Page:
Room for Growth: PacWest’s deal for El Dorado Savings fell through, but firm is still in acquisition mode.

Room for Growth: PacWest’s deal for El Dorado Savings fell through, but firm is still in acquisition mode. Photo by Ringo Chiu.

Beverly Hills-based PacWest Bancorp has cobbled together 29 acquisitions over the last two decades to make its Pacific Western Bank unit the second largest independent bank in the L.A. region with more than $25 billion in assets.

Acquisition No. 30, however, has proved a stumbling block for the firm.

The proposed purchase in September of Placerville-based El Dorado Savings Bank for $466.7 million in stock and cash fell apart over the last four months, leading to the deal’s cancellation Jan. 9.

“It was very disappointing. It was just unfortunate,” said John Eggemeyer, chairman of PacWest since its formation in 2000.

A major reason behind the deal’s collapse was the performance of PacWest’s stock, which dropped precipitously in the fourth quarter of 2018 along with much of the stock market.

Because a substantial portion of the El Dorado Savings acquisition was made up of PacWest stock, the deal value plummeted, too: By the time PacWest terminated the deal earlier this month, according to deal terms provided by the bank, the price tag of the proposed acquisition had shrunk by more than a quarter of its original value to $349.43 million. At one point, on Christmas Eve, the value of the deal had fallen to $313.16 million, down 32.9 percent from when the transaction was announced in September.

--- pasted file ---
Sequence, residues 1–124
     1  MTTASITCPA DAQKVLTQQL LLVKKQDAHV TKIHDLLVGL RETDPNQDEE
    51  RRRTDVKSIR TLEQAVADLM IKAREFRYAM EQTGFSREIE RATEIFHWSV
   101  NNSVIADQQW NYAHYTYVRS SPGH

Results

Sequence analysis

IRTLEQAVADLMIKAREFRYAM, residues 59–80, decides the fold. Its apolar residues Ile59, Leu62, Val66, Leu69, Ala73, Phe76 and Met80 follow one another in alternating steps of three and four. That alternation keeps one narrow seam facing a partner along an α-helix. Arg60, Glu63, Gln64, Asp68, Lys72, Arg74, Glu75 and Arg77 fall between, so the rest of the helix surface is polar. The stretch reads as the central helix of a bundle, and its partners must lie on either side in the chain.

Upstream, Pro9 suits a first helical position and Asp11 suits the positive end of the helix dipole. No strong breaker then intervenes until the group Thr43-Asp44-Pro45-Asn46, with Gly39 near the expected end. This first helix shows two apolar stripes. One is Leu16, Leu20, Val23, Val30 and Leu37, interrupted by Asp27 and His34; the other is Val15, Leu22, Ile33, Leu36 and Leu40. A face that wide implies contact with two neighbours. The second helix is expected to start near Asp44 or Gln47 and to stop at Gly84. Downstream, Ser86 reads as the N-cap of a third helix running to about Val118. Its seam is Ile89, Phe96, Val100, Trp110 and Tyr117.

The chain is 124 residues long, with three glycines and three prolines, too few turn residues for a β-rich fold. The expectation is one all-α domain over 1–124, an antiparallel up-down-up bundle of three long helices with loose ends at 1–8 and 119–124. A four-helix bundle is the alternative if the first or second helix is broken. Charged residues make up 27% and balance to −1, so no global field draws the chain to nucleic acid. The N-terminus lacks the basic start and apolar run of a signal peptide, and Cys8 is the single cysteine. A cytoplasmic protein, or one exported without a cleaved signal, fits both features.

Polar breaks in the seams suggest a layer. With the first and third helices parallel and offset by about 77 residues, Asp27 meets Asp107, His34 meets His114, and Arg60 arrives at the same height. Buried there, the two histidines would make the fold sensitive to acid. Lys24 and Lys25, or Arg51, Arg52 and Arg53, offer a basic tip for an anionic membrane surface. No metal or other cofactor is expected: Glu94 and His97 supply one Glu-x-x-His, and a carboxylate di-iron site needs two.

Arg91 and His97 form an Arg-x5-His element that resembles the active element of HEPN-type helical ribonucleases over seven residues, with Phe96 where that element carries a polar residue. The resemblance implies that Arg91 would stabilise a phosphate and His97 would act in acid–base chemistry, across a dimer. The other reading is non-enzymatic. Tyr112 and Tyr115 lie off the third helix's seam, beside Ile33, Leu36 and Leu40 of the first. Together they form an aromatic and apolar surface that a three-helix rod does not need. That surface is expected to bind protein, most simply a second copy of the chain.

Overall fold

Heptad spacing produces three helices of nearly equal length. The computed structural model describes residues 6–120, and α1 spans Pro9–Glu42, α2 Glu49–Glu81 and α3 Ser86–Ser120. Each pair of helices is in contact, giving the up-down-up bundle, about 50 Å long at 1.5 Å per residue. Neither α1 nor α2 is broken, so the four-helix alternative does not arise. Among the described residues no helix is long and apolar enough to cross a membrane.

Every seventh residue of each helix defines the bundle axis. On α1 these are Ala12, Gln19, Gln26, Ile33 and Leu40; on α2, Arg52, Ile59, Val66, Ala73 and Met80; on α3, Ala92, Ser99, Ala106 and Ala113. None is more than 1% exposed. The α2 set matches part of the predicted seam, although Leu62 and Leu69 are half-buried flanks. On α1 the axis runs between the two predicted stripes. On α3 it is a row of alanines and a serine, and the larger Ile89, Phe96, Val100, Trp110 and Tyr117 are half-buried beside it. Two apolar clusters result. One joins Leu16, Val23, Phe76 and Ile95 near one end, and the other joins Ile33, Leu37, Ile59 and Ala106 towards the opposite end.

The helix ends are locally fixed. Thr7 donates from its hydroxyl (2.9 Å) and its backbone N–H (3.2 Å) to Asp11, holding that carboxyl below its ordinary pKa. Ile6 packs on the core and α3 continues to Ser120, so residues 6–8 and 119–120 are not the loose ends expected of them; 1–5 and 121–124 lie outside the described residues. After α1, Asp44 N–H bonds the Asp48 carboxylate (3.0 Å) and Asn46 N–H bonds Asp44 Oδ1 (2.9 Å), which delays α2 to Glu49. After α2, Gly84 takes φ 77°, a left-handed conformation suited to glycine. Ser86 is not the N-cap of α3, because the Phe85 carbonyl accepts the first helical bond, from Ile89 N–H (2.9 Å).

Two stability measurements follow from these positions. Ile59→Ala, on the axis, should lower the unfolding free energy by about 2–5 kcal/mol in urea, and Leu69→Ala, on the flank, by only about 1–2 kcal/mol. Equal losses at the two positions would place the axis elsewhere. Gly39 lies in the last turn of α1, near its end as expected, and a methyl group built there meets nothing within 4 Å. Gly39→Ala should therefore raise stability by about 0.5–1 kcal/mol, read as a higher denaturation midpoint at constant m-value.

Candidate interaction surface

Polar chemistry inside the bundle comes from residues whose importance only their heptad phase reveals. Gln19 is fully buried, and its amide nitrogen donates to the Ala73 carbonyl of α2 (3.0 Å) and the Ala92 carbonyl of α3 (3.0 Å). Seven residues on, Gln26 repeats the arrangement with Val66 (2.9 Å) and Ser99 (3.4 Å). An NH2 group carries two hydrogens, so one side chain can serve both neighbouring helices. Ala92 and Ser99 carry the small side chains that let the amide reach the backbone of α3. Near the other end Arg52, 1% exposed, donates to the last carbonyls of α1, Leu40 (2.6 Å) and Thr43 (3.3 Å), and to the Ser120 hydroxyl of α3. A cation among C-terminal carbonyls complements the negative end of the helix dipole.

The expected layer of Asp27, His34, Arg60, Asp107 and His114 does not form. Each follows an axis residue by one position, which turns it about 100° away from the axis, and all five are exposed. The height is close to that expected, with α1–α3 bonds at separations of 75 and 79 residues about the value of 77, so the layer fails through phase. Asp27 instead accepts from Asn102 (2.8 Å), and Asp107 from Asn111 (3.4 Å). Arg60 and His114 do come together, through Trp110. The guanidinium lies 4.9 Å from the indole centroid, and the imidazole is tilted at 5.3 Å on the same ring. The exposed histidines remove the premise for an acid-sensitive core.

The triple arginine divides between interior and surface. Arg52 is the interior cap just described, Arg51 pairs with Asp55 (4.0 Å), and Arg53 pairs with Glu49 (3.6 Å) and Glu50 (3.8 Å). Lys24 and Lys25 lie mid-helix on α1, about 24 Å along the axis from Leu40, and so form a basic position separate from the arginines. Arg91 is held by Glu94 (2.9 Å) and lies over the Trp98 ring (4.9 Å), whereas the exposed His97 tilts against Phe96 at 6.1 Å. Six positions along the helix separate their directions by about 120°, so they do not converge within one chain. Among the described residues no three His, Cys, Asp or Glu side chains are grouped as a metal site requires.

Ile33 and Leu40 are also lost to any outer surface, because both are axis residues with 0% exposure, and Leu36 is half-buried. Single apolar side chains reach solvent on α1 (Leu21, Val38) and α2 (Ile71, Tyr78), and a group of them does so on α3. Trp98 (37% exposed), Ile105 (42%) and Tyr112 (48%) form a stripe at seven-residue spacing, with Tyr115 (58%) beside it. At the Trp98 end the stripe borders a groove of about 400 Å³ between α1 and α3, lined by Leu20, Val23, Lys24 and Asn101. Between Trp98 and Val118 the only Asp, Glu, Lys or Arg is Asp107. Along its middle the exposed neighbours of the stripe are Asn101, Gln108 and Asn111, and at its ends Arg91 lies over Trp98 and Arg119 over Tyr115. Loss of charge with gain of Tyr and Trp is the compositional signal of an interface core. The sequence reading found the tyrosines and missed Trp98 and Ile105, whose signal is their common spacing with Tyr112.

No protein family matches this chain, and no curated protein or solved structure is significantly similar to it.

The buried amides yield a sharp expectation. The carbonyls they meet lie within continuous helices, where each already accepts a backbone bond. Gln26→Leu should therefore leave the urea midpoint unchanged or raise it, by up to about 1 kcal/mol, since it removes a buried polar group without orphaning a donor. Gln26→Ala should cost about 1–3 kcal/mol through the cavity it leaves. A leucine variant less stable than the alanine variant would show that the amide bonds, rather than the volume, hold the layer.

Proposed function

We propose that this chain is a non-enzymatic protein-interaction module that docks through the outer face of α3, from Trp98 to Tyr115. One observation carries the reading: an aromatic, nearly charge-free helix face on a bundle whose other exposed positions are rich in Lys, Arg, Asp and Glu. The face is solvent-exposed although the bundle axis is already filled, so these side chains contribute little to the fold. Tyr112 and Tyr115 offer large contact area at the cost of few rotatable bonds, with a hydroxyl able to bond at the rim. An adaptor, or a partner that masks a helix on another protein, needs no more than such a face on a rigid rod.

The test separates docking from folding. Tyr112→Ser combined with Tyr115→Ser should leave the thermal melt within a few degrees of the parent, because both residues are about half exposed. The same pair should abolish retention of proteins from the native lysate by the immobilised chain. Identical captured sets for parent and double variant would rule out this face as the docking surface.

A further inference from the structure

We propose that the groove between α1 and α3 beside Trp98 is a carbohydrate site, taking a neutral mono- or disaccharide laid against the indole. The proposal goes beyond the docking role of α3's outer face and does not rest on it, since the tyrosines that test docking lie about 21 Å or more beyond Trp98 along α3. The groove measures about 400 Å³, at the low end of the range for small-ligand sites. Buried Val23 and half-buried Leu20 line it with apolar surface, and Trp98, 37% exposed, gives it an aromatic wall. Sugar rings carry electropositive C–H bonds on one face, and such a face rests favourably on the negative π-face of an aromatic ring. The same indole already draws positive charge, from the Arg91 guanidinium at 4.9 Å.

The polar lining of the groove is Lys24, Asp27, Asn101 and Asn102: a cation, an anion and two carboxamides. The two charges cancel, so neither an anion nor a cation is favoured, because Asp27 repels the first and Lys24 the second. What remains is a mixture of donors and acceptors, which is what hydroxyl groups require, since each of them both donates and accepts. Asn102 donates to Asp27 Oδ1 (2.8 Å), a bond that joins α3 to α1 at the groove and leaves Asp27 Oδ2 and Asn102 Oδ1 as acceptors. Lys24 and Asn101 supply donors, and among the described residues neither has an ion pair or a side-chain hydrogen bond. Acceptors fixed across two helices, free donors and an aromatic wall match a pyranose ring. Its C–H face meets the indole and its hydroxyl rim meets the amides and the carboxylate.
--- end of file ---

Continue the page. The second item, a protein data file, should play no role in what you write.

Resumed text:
With a sizeable chuck of the deal value erased, the sellers didn’t see much sense in selling their bank, and El Dorado Savings shareholders failed to ratify the transaction in a vote at a special meeting Jan. 9.

There could be another bid by PacWest for the NorCal bank, but both sides said that wasn’t likely to happen in the immediate future.

“In order to stabilize things here, we are not looking to do a deal right away,” El Dorado Savings Chairman Thomas Meuser said in an interview. “We have to keep things going forward as an independent bank. We told the employees that we are not soliciting or encouraging any offers.

“We are sorry it failed. We wanted it to go through.”

Eggemeyer’s musings echoed Meuser’s sentiment.

“I was going to give the analogy of a girlfriend who you might go back with in time. But it’s hard to know. It’s hard to go backwards,” Eggemeyer said.